Exposure to Methacrylates
There are no known major natural sources of methacrylate esters. Exposure to the monomers in the concentrated state occurs primarily in the workplace. Because these are reactive materials they are handled under strictly controlled conditions when they are manufactured and processed. Workers are trained and provided with the equipment needed to control exposure. In manufacturing/processing, chemical industry operators are responsible for the production of the esters or polymers, while downstream processors make the dispersions or other compounded or fabricated items.
Regarding exposure, the end products produced from these monomers fall into two categories, those used by professional applicators and those that are meant for the consumer market.
The materials intended for the professional applicators can include uncured resins that are used as adhesives or finish coatings, glues or fillers to repair plastic articles, some health care products such as dental appliances or fillings. Professionals who use these materials are provided with the information on how to use them safely. The amounts of monomer in medical products are regulated. The final products produced or repaired with these materials contain very low levels of unreacted monomer.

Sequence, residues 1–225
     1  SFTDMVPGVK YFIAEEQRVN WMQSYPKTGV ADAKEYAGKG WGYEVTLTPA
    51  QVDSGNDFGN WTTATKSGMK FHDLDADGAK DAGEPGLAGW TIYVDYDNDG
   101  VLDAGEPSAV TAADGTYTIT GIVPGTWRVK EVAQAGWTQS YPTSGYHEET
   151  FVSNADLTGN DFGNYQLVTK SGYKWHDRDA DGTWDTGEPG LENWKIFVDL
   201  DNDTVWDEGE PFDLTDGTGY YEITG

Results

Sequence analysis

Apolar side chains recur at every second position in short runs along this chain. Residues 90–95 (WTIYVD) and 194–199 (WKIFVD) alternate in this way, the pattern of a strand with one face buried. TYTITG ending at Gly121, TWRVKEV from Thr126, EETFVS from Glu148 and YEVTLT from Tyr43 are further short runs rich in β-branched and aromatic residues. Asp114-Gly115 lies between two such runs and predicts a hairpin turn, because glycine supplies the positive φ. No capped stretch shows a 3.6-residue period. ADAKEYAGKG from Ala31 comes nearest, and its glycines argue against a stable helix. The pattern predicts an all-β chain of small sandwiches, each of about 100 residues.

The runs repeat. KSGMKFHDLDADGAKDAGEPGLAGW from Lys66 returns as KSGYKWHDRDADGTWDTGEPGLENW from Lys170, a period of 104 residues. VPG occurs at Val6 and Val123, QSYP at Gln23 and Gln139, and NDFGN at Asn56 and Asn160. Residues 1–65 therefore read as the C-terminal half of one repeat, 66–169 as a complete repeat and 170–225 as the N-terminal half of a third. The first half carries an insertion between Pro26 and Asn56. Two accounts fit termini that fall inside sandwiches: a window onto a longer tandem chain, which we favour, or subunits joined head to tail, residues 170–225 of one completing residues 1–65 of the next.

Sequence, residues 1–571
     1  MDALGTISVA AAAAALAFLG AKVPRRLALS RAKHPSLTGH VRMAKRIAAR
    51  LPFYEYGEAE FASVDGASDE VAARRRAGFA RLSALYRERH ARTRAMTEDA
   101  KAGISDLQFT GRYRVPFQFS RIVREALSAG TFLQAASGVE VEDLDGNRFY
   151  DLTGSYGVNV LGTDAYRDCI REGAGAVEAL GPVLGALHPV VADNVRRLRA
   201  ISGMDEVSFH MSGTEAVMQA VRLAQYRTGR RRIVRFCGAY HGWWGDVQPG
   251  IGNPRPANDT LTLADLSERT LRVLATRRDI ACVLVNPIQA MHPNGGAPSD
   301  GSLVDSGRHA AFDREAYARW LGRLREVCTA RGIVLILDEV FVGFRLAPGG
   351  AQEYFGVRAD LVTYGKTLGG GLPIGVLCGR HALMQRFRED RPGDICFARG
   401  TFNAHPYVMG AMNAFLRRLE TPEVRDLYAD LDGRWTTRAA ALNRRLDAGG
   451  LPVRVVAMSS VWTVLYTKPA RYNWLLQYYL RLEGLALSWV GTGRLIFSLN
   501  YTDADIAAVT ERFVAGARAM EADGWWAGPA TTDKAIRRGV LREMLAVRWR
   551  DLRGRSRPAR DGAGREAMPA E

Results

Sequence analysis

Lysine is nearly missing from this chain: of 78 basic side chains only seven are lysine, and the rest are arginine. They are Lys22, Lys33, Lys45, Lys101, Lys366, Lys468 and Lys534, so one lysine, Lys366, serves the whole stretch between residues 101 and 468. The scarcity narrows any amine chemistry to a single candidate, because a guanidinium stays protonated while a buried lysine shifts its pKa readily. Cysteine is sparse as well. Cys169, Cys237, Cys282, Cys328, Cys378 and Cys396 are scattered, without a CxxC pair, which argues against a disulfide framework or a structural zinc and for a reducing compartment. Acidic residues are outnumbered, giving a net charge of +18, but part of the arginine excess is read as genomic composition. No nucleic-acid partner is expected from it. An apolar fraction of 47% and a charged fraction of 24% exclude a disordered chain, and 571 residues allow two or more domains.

Consumer exposure to monomers from finished products made with the polymers is very low and both oral and dermal exposures are considered to be negligible. The vast majority of products available to consumers are made from cured resins. Examples include: coatings or surface finishes, glass substitutes, molded fixtures or appliance parts, toys, packaging, sporting equipment, etc. In some products like glues or cements, varnishes or other finishes, consumers may be exposed to residual monomers until the adhesive or coating dries. For these materials, the package labels give instructions on safe use. These instructions include use in a well ventilated area and preventing contact with the skin. Use in artificial nail products and other non-medical/dental applications involving direct skin/nail contact with the liquid monomer is not recommended or supported by the MPA member manufacturers. In summary, consumer exposure to liquid monomer is unlikely unless they intentionally use professional/DIY or hobbyist products that contain significant levels of liquid monomer. Consumer exposure is primarily only to the extremely low levels of residual monomer in fabricated consumer products.